• Day 12

    See ancient gompa at Alchi; visit village and monastery of Lamayuru.

    The main attraction in Alchi is the monastery, which is the most important cultural site in Ladakh. Built in the 11th century, it is a treasure trove of early Buddhist art in the Kashmiri tradition, a style quite different from the Tibetan art found in Ladakh's other monasteries. It was founded by Rinchen Zangpo who was said to have built 108 temples in Ladakh and is responsible for reviving interest in Buddhism at that time. After breakfast we make an excursion to Lamayuru. The drive takes us through some of the most spectacular scenery in Ladakh. A short way from Alchi we pass through Khalatse after which the road leaves the Indus and winds its way round to the lunar landscape at Lamayuru. This part of Ladakh is where 50 million years ago the continents crashed together and the Himalaya were formed. The monastery is set on top of a beautifully eroded crag, complete with rock caves and pinnacles and has an almost fairytale quality as it stands over the village below. We have time to explore the monastery and the village before driving back to Alchi.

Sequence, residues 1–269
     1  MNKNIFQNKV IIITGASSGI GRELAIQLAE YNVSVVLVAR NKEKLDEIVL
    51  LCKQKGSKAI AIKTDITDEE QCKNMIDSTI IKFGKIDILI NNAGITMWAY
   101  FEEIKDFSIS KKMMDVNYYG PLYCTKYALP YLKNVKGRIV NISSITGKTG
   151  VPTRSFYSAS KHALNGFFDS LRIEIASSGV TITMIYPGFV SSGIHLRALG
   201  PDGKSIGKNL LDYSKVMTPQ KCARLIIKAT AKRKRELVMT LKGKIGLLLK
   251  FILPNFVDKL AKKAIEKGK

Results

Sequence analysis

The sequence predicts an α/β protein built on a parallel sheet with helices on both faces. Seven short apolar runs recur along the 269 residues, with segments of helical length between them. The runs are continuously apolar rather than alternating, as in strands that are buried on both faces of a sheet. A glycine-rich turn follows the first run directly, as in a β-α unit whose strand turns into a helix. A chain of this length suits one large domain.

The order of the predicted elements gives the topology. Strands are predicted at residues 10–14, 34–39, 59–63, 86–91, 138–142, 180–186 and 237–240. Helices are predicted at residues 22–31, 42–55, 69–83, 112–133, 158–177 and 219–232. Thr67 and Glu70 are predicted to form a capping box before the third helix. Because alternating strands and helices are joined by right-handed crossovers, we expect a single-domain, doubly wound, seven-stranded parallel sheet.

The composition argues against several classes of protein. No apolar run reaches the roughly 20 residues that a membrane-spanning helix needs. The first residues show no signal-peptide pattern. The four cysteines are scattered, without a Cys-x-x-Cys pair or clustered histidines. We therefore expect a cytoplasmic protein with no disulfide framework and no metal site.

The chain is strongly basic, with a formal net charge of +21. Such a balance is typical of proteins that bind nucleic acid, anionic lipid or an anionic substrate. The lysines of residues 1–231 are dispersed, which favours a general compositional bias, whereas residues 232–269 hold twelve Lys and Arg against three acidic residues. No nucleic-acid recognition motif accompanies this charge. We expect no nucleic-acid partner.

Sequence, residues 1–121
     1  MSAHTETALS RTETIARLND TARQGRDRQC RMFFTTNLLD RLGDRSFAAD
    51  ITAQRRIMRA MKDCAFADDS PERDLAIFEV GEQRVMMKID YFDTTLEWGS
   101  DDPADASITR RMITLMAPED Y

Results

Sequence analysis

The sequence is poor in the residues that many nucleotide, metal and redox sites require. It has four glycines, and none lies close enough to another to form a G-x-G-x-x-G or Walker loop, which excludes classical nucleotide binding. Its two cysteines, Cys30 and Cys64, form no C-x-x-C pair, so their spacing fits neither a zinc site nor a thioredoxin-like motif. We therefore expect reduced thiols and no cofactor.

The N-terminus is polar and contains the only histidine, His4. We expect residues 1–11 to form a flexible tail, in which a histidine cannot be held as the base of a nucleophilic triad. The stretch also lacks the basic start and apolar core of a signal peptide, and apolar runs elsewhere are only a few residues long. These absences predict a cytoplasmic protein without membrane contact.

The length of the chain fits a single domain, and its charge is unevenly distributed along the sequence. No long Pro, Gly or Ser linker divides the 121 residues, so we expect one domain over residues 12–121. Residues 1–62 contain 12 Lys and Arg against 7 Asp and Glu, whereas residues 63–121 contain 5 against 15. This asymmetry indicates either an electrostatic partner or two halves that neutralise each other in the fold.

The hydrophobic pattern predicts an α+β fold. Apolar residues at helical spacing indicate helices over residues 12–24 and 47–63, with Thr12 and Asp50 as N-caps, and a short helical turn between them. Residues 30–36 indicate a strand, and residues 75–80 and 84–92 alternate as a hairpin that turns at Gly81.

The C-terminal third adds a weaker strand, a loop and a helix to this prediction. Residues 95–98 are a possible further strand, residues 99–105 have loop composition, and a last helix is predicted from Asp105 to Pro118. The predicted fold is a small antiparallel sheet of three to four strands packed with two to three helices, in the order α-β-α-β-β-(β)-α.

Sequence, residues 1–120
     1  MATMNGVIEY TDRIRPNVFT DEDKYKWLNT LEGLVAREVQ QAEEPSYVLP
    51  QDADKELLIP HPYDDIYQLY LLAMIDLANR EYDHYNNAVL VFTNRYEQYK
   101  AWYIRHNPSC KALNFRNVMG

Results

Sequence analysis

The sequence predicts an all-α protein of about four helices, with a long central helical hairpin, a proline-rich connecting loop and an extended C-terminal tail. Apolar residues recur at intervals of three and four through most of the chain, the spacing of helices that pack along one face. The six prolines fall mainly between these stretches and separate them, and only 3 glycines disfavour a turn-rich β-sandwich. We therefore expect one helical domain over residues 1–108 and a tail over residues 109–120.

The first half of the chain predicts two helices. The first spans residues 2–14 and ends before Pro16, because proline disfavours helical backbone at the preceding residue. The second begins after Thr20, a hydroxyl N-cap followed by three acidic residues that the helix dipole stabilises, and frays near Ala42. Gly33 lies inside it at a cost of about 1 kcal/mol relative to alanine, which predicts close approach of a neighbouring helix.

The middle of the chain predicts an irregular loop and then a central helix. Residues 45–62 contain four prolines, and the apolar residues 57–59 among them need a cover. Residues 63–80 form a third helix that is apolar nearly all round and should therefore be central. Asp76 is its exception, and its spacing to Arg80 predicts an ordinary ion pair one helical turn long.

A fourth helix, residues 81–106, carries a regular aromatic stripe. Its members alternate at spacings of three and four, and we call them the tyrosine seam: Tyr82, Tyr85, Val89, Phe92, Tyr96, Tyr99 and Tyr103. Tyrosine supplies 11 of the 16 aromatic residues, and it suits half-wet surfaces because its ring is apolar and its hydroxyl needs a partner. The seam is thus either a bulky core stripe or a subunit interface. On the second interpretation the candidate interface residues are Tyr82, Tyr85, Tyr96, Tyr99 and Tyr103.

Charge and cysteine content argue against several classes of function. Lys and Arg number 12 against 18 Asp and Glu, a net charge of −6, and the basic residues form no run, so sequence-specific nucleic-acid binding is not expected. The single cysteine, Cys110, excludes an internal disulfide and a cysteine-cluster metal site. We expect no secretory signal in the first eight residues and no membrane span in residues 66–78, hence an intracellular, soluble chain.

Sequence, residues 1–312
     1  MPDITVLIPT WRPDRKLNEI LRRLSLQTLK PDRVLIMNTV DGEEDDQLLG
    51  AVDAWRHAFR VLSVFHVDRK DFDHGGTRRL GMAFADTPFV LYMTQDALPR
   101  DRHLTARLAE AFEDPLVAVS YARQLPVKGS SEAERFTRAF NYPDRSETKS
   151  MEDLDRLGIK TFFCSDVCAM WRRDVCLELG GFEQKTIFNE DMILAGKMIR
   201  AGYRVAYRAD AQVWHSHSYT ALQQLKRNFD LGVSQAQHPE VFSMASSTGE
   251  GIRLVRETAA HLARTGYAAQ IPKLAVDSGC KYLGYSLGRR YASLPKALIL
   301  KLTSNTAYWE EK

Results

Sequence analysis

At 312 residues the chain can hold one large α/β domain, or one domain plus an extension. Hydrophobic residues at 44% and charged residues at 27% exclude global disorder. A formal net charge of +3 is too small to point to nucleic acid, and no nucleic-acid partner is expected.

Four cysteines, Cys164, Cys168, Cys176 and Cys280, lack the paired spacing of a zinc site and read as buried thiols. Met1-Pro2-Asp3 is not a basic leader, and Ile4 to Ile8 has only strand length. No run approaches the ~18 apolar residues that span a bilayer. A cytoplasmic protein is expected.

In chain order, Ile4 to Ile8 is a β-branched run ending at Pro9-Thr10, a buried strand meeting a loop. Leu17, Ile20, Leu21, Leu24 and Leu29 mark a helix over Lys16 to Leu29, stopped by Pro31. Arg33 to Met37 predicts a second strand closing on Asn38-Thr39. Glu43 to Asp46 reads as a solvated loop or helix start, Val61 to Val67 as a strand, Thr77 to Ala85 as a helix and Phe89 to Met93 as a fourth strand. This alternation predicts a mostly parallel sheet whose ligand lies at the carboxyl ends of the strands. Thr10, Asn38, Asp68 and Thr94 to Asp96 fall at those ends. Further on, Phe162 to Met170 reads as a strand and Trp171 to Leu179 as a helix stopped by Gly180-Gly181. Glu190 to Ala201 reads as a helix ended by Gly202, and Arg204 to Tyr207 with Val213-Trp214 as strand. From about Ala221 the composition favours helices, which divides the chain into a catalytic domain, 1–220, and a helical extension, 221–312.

Basic Hotel

    Meals included: Breakfast Lunch Dinner
  • Day 13

    Drive to Leh visiting Basgo Fort en route.

    After breakfast we drive back to Leh visiting Basgo Fort en route. The rest of the afternoon is free for individual exploration. The old town and the local bazaar are well worth a visit.
    Standard Hotel

    Meals included: Breakfast
  • Day 14

    Free day in Leh (or monastery festival); optional trip to Khardung La.

    There is the option this morning to take a jeep trip to the Khardung La Pass, reputedly the highest motorable road in the world at 5,602m. This can be arranged and paid for locally and your leader will have details. The rest of the day is free for individual sightseeing. You may like to take a hike up to the old Royal Palace and Tsemo gompa, set on a hill high above Leh, or you could climb the 500 steps to the Shanti Stup, a wonderful white peace pagoda built a few years ago by Japanese Buddhists. You can walk or drive to both hilltops and both have spectacular views over the Leh Valley.
    Standard Hotel

    Meals included: Breakfast
  • Day 15

    Fly to Delhi; afternoon free.